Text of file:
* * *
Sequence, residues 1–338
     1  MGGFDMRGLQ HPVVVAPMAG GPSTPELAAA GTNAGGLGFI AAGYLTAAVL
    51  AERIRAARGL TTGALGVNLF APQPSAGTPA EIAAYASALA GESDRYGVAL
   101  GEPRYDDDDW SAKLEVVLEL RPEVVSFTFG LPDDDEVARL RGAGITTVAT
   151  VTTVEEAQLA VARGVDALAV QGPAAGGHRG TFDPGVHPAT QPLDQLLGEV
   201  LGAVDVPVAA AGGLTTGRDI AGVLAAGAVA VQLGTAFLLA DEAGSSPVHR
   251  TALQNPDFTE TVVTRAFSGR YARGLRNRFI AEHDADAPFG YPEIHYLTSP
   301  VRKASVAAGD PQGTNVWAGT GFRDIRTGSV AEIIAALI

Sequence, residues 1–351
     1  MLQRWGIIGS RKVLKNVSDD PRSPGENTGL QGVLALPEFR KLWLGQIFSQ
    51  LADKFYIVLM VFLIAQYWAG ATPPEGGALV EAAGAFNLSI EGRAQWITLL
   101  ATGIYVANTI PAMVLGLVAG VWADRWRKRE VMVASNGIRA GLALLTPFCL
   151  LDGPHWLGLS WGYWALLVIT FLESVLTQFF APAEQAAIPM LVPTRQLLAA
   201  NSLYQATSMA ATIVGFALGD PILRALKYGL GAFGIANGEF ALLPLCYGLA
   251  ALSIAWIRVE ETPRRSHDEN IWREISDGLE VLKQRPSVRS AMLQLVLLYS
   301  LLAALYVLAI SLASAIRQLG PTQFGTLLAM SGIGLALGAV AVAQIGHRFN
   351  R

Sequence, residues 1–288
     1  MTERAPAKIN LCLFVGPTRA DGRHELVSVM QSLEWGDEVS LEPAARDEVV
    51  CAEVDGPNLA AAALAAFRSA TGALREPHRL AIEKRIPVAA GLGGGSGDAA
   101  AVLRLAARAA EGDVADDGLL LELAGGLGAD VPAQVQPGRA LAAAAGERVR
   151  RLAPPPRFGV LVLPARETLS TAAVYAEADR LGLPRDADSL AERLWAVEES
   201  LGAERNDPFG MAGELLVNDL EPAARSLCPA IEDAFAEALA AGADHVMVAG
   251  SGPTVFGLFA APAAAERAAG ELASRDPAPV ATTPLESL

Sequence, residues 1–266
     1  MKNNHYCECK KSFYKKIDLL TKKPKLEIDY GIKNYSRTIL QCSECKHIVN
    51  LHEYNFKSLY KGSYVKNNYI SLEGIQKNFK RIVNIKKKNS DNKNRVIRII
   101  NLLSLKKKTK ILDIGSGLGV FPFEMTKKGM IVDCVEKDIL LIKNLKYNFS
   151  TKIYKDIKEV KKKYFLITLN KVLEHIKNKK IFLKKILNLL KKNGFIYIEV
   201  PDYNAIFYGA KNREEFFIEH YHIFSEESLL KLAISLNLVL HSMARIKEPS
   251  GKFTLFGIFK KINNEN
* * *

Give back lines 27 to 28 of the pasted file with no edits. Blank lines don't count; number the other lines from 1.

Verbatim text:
    51  LHEYNFKSLY KGSYVKNNYI SLEGIQKNFK RIVNIKKKNS DNKNRVIRII
   101  NLLSLKKKTK ILDIGSGLGV FPFEMTKKGM IVDCVEKDIL LIKNLKYNFS